At number five is none other than the Sex Pistols with the 1977 release of “God Save the Queen.” Of course the story behind the value of this has to do with bad behavior. At this time the Sex Pistols were signed to A&M records, but proved to be too much for them to handle. They were set to do a ton of recording, but managed to only last a week before being fired. With the desired album never released the single remained unreleased. In 1998 a dozen or so copies were given as farewell gifts to A&M executives in the London office, in mint condition of course. They were selling around $20,000 initially, one with the original mailer went for $25,300. Some current estimates say this could go as high as $28,000 -$30,000 now if released for auction. Never underestimate the power of punk!
Frank Wilson’s “Do I Love You?” was all set to be released in 1965 by Motown but just didn’t make to the shelves. It never was a terribly popular song until years later in the UK where a Scottish collector purchased an original copy for $30,000. That is the highest known sale price documented for a 7 inch single.
“The Freewheelin’ Bob Dylan” chimes in at number three. This is an album that winds up confusing many new collectors that think they just hit the jackpot. In 1963 the original version was released only to be pulled quickly after. Dylan was not satisfied with four tracks on the album he felt were too old fashioned and wanted to replace them. To know whether or not you have a copy of the $35,000 original or a copy of the re-release, check for three key factors. Look first to see if the cover has a “Stereo/360 sound” logo, then for a sticker that reads “Singing his sensational hit Blowin’ in the Wind.” If you find those you did hit the jackpot, well almost. The third factor is making sure it is a copy with the original track listing as some do not bear this. Before shelling out the big bucks, get an independent appraiser to check it out. If the album owner refuses to allow this don’t bother. Inexperienced collectors have been duped on this album more times than can be counted.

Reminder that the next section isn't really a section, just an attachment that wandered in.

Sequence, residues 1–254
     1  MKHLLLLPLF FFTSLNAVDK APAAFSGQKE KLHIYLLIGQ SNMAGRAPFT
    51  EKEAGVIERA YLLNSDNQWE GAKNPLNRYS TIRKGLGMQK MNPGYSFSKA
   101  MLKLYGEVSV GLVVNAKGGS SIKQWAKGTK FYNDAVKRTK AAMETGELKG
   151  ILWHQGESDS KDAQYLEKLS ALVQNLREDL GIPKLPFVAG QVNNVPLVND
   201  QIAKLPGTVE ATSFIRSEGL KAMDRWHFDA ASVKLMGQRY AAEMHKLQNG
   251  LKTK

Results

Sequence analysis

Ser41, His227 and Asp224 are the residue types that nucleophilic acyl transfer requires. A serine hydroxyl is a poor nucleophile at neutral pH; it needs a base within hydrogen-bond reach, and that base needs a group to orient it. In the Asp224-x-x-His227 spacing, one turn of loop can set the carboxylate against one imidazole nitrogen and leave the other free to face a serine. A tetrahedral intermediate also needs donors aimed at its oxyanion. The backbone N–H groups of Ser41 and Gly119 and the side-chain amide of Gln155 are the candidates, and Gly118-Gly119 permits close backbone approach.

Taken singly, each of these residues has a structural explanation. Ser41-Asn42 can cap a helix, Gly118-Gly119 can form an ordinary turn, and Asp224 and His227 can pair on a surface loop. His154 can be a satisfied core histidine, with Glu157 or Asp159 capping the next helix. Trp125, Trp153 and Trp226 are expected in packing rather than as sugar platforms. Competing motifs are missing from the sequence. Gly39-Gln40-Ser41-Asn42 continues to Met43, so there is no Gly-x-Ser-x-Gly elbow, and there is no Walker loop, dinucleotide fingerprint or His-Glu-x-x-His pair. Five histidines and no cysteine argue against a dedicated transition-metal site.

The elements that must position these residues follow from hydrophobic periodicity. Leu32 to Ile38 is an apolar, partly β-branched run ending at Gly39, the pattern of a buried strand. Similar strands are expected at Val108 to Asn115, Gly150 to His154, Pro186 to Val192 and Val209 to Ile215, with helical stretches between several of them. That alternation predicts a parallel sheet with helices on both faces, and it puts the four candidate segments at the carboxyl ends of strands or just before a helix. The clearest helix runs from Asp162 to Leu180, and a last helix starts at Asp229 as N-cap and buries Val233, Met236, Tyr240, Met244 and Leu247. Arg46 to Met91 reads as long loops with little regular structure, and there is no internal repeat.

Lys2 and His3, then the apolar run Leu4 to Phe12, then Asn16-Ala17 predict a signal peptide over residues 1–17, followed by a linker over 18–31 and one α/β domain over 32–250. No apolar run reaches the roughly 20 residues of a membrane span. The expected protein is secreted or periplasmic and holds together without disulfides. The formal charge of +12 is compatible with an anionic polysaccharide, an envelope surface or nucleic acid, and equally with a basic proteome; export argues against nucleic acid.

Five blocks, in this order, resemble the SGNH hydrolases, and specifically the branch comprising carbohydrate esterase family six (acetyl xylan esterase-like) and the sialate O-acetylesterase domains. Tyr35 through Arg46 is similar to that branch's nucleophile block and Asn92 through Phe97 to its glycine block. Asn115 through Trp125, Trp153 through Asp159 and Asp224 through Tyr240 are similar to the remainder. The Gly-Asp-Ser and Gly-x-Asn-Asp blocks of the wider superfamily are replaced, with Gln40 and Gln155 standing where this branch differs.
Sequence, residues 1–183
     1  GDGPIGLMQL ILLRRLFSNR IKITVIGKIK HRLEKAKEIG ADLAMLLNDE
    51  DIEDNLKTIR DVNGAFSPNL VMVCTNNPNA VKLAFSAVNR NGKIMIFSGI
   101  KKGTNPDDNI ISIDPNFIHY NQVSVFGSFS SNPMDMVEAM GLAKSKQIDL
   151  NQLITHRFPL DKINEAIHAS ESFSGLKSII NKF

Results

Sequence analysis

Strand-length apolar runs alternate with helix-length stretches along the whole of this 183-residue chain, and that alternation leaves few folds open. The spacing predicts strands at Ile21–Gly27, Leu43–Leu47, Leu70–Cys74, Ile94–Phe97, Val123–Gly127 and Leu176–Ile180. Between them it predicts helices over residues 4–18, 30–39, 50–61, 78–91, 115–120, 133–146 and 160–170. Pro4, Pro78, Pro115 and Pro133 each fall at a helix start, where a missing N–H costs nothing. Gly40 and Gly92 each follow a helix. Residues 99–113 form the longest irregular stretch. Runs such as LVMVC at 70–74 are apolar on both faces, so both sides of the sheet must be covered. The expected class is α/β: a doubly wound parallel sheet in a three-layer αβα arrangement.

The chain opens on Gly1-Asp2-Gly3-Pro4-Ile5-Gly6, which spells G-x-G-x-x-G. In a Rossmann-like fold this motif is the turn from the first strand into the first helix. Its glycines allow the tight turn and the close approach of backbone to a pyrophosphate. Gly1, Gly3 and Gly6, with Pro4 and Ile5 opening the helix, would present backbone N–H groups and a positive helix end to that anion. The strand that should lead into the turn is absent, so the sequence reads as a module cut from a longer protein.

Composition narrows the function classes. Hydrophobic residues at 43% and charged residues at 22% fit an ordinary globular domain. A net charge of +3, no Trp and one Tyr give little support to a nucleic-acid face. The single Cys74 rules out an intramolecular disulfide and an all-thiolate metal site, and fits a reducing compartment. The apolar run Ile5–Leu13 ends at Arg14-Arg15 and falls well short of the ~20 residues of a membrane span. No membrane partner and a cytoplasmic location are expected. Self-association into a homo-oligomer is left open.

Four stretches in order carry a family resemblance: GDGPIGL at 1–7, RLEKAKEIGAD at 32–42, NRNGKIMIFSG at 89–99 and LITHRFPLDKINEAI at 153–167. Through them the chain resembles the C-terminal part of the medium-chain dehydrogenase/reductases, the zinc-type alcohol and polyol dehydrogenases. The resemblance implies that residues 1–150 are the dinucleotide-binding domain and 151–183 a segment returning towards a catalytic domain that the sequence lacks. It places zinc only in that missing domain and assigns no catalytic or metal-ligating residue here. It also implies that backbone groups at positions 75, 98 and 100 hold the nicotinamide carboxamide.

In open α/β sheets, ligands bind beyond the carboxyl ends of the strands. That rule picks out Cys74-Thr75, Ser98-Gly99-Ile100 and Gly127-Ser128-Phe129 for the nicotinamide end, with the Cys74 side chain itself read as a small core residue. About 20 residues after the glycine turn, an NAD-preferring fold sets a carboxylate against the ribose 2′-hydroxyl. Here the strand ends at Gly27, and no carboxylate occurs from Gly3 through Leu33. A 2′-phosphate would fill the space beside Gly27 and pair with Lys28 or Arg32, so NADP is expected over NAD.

At number two is the Beattles 1966 album “Yesterday and Today.” This is yet another album that confuses a ton of people thinking they have a pristine example of the $40,000 prize. As many already know this was the “butcher cover” in which they appeared in white smocks with chunks of meat and doll parts strewn around. The album was pulled and sold in many places for only one day, in others for two or three. New “sticker covers” were pasted on and the albums were returned to the shelves shortly after. While this album ranges from $150 to $7,500 depending on condition, the buyer, and numerous other factors, the big prize is the copy that was a monaural recording. Very few authentic examples of an album meeting all those factors exist, and the $40,000 price paid was for a copy that was still sealed.
The 1958 Acetate disk by the Quarrymen features “That’ll Be the Day” on one side and “In spite of all the danger” on the flip side. The problem for any collector desiring this is that there is only one known copy valued around $200,000, and it is owned by Sir Paul McCartney. As most people know this was the precursor to the Beattles, so it is of huge interest to any collector. While you almost certainly will never have a chance to acquire this, digitally remastered versions were briefly made available for $20,000, as if Sir Paul really needs the money that bad he has to kill people on the sales price for a remaster.
The most valuable album is actually not the most valuable album as well. It is just the highest price paid for one specific album due to its historical significance. Still, it does merit mention. One copy of the 1980 John Lennon Yoko Ono “Double fantasy” album sold for $400,00 only because Lennon’s assassin Mark David Chapman asked him to autograph that specific copy five hours before killing him. As such it does not truly belong at the top of the list as a normal copy of Double Fantasy can be had for the price of almost any album. It is just an extra piece of trivia for you.
In order to be sure you have a truly valuable album pay attention to the details. Small things can make a big difference, and in the case of some of these albums that difference can add up to thousands of dollars! The prices for these albums were culled from auction records, Diane Dannefeldt’s research and Goldmine’s Price Guide to Collectible Record Albums.
Goldmine’s price Guide to Collectible Record Albums